We are still digesting the shocking news which we woke up to on the weekend of the 8th of October; “BCL mine placed under provisional liquidation.
” The news which we have been dreading to hear all along finally came. We all knew that BCL, just like any other mine have been facing challenges mainly due to the depressed commodity prices on the international market. We never thought it would come to this level. One thing which is certain is that the closure of the mine will send ripple effects not only in the mining town of Selibe Phikwe, Francistown and surrounding areas but the whole economy of Botswana. Francistown will be affected even more as Tati Nickel Mine, a subsidiary of BCL has also been closed. Palapye and surrounding areas will also feel the pinch as the Morupule coal mine will be affected given than BCL was the major consumer of Morupule coal.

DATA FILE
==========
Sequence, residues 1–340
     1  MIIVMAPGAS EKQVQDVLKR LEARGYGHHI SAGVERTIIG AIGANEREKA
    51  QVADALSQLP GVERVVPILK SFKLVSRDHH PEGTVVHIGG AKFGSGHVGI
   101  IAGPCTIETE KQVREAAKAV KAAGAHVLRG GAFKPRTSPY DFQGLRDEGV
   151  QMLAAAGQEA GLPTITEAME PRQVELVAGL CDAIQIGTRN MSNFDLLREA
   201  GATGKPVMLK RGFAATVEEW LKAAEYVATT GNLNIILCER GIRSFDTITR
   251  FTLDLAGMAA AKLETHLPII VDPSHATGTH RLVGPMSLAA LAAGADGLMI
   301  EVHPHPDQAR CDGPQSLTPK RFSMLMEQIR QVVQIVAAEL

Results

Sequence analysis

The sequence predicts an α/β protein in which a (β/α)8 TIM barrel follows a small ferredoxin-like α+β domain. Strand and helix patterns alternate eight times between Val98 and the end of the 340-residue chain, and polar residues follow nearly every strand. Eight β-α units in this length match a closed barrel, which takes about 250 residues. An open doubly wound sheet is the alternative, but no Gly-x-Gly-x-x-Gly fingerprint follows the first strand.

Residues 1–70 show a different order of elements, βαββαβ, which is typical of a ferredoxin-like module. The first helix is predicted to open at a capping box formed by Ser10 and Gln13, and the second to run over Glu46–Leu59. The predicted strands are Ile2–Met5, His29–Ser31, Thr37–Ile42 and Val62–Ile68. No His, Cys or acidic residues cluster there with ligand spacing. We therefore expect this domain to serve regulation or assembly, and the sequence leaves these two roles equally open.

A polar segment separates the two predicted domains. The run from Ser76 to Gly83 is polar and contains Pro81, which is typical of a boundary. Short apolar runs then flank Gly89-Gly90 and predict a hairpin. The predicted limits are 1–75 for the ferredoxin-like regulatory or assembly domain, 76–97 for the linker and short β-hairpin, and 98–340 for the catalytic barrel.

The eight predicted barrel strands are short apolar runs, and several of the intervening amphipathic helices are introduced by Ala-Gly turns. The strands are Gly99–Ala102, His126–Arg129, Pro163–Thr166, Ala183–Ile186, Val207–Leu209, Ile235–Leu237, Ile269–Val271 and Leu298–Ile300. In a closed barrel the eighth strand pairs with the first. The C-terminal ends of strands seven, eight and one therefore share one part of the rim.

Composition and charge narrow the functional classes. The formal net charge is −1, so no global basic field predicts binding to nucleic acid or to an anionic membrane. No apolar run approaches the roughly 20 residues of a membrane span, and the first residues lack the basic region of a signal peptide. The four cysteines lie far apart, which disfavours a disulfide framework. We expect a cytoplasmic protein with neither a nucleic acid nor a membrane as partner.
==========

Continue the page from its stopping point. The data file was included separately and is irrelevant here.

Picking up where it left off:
The placing of BCL under provisional liquidation comes at a time when we are still recovering from the closure of Boseto and African Copper mines throwing many workers into the streets. The negative multiplier effects will be severe and will have long lasting effects on the whole economy at large. It will no longer be business as usual.
Brief history of BCL
BCL formation can be traced back to August 1956 when a meeting, arranged by John Buchanan, Chairman of Minerals Separation Limited, took place between Tshekedi Khama, Regent of the Bangwato Tribe in the Bechuanaland Protectorate (The Republic of Botswana) and Sir Ronald Prain, Chairman of Roan Selection Trust (RST). At the meeting an agreement was reached between the two men, which was later signed on the 2nd of June 1959 and subsequently ratified by the British House of Lords and led to the formation of Bamangwato Concessions Limited (later to be renamed BCL Limited), to prospect, explore and mine Copper and Nickel ore discovered in the present day township of Selebi Phikwe.